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Rogers absorbs cost of Net security
by sbrook 06:19PM Friday Apr 29 2005
Rogers absorbs cost of Net security


The days of paying a separate monthly fee to protect your home computer from viruses, spyware and other malicious intruders are gradually coming to an end.

Come June, all Rogers Cable high-speed Internet customers will get "all security features," including PC anti-virus, firewall protection and anti-spyware, for free as part of their monthly service subscription, the company said yesterday. Rogers currently charges $4.95 a month for McAfee anti-virus, the same amount for firewall protection, or $8.95 for both.

"We think anti-virus and (firewall protection) is a good thing our customers should have," said Terry Canning, vice-president of Internet at the Toronto-based cable company.

"It takes the crap out of the Internet."

Canning said there are too many different PC and Internet security products on the market, creating confusion for online users that often leads to inaction.

Less than 5 per cent of Rogers' high-speed customers actively use anti-virus or firewall features, according to the company.

"People are looking for leadership on this," said Canning, adding that 10 years after Rogers first launched high-speed Internet service the online world has become a more hazardous place to surf.

What was once mostly online vandalism has turned into a "more professional sport of intrusion," marked by a dramatic increase in identity crimes and, according to a recent Ipsos-Reid survey, rising consumer concern.

Rogers has roughly 1 million high-speed Internet subscribers in its operating territories of Ontario, New Brunswick and Newfoundland.

It's just the latest major Internet service provider in Canada to view the free provision of PC-protection software as a cost of doing business.

Last November, Montreal-based Cogeco Cable, which sells broadband services around the Kingston area and Golden Horseshoe, began offering a free security package that includes PC anti-virus and firewall protection.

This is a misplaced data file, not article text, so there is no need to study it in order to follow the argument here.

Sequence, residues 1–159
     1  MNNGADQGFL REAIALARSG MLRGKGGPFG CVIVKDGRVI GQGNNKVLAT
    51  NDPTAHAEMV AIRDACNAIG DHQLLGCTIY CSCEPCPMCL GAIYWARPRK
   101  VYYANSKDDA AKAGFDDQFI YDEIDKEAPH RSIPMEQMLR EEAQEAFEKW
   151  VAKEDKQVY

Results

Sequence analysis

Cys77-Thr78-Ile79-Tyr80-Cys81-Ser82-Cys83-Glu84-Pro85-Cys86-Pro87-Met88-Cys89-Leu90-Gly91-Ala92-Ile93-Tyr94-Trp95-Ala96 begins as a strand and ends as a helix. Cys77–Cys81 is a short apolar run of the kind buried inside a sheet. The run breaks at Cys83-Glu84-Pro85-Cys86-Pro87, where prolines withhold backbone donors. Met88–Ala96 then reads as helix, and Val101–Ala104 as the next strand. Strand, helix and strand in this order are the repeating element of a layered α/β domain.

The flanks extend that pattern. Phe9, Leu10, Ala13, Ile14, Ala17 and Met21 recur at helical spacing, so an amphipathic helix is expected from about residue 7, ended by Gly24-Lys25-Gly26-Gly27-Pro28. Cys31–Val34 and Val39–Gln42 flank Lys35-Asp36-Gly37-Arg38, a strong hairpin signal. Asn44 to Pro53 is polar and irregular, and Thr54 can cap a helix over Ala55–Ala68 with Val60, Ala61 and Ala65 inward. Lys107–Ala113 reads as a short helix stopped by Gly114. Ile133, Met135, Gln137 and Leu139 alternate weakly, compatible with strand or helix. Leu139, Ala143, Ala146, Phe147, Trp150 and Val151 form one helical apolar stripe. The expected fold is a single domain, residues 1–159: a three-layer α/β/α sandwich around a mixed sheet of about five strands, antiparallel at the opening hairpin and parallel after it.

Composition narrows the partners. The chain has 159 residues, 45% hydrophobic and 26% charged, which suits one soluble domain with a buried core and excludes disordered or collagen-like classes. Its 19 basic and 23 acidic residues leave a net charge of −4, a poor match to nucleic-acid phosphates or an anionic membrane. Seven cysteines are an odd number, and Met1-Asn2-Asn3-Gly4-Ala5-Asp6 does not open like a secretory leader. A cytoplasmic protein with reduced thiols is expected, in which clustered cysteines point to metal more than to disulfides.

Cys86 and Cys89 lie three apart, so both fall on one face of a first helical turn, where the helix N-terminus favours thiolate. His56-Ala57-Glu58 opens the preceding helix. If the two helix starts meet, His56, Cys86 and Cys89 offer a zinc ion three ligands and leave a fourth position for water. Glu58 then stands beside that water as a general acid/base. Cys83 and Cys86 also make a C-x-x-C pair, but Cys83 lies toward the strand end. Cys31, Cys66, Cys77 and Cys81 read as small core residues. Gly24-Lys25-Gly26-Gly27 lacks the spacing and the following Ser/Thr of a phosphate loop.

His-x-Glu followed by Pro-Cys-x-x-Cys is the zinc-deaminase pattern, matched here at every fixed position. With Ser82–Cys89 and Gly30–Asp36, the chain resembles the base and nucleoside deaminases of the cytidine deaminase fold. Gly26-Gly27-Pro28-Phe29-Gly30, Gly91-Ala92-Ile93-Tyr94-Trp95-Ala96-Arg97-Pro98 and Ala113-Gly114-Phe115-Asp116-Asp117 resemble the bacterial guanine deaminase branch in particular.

The package, however, still costs $8 a month for its Internet "Lite" customers, and does not yet include spyware protection.

Bell, meanwhile, won't say if it plans to go the free route.

The company charges between $6 and $6.95 a month for a "basic security" package that includes PC anti-virus and firewall protection. Add anti-spyware and that package increases to $10 a month. Anti-spyware on its own costs $5.95.

Brian Sharwood, an analyst with telecom and Internet consultancy, the Seaboard Group, said some ISPs are beginning to realize that the limited revenue gains that come from selling security features is small compared to the savings that come with better-protected networks.

"It pays for the ISPs to do it," he said.

When a PC gets a virus or is compromised by a hacker it can result in a flood of data being unleashed on a network in the form of spam or denial-of-service attacks.

The more an ISP can get its customers to use anti-virus and other security features the less garbage travels over that network, potentially causing service disruptions.

"It doesn't take many subscribers to mess up the whole network," said Sharwood. "The less rogue data they have roaming around the network the better, because it slows down the whole system, and the ISPs have to pay for the extra bandwidth that's used."

In addition to the ISPs, Microsoft has begun offering free anti-spyware software and has recently revamped a firewall feature built into recent versions of its Windows operating system.

The world's largest software company has also been on a security spending-spree, buying up antivirus companies and similar ventures leading to speculation that an anti-virus feature will soon become a built-in feature of Windows.

Source: »www.thestar.com/NASApp/cs/Conten ··· thestar/


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Rogers absorbs cost of Net security

"It's [Rogers is] just the latest major Internet service provider in Canada to view the free provision of PC-protection software as a cost of doing business".

The bundled anti-virus, anti-spyware and firewall protection are all nice features, but they are not free – indeed, they are a cost of doing business. One might wonder if they are the greater part of increased infrastructure cost reflected in an increase of $5.00/month for high-speed internet service.

There is no free lunch – all expenses ultimately are paid for by consumers.



Bell sucks!

It is January 2007 and Bell still is charging for its anti-virus and firewall. Kudos to Rogers!